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DayZ (mod)

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For the standalone version, see DayZ (video game).
Arma II: DayZ Mod
Developer(s) Bohemia Interactive
Publisher(s) Bohemia Interactive
Designer(s) Dean "Rocket" Hall
Engine Real Virtuality 3
Platform(s) Microsoft Windows
  • WW: February 21, 2013
Genre(s) Survival, third-person shooter
Mode(s) Multiplayer

DayZ is a multiplayer open world survival third-person shooter modification designed by Dean Hall for the 2009 tactical shooter video game ARMA 2 and its 2010 expansion pack, ARMA 2: Operation Arrowhead. The mod places the player in the fictional post-Soviet state of Chernarus, where a mysterious plague has infected most of the population, turning people into violent zombies. As a survivor with limited supplies, the player must scavenge the world for supplies such as food, water, weapons and medicine, while killing or avoiding both zombies and other players, and sometimes non-player characters, in an effort to survive the zombie apocalypse.

DayZ has been praised for its innovative design elements. The mod reached one million players in its first four months on August 6, 2012, with hundreds of thousands of people purchasing ARMA 2 just to play it. The mod version of DayZ remains in continued development by its community, where as the standalone game was developed by ARMA 2 creators Bohemia Interactive.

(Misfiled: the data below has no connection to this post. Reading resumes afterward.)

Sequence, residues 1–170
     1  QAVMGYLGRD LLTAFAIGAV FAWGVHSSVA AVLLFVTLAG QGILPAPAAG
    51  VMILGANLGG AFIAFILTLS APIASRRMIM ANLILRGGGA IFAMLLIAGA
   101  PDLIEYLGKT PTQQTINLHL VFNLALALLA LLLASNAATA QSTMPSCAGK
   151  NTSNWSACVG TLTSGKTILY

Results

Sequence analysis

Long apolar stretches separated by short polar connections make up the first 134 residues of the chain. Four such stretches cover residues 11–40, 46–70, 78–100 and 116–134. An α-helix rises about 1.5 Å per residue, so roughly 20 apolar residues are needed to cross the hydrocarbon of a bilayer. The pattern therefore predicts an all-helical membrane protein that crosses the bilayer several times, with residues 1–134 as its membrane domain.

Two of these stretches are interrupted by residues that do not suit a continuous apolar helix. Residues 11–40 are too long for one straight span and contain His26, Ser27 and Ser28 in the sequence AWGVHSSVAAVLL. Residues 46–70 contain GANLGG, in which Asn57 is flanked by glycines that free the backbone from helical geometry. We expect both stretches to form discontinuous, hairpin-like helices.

During the alpha, designer Dean Hall became part of Bohemia Interactive, and the mod, retitled to Arma II: DayZ Mod, was officially released on February 21, 2013.


A player character wearing a ghillie suit lies in the prone position while pointing his M14 DMR across the water. The reticle in the HUD may be seen superimposed next to the bush which is to the right of the player

DayZ attempts to portray a realistic scenario within the gameplay, with the environment having different effects on the player. A character may receive bone fractures from damage to their legs, go into shock from bullet wounds or zombie bites, receive infections from zombies or diseased players, or faint due to low blood pressure. Thirst and hunger must be kept under control by finding sustenance in either cities or the wilderness, with body temperature playing a key part in the character's survival.[1] The game focuses on surviving and the human elements of a zombie apocalypse by forcing the player to acknowledge basic human needs like thirst, hunger and shelter. These mechanics require the player to focus on immediate goals before they can consider long-term strategies.[2]

DayZ is praised for its level of emergent gameplay. BuzzFeed author Russell Brandom suggested that the mod has spawned the first photojournalist in a massively multiplayer online role-playing game, creating articles that are not only about a game world but journalism told from within it.[3] Brandom claimed that DayZ is a unique example of the massively multiplayer online game genre in giving players the freedom to harm or murder each other, whilst adding no restrictions on how or why they may do it, quoting a player who described it as "the story of people".[3] The mod has been compared by Kotaku to The Walking Dead and its focus on interactions between the characters when faced with desperate situations. The players in DayZ are forced to deal with dilemmas in similar ways as portrayed in both the comics and TV series for The Walking Dead.[4]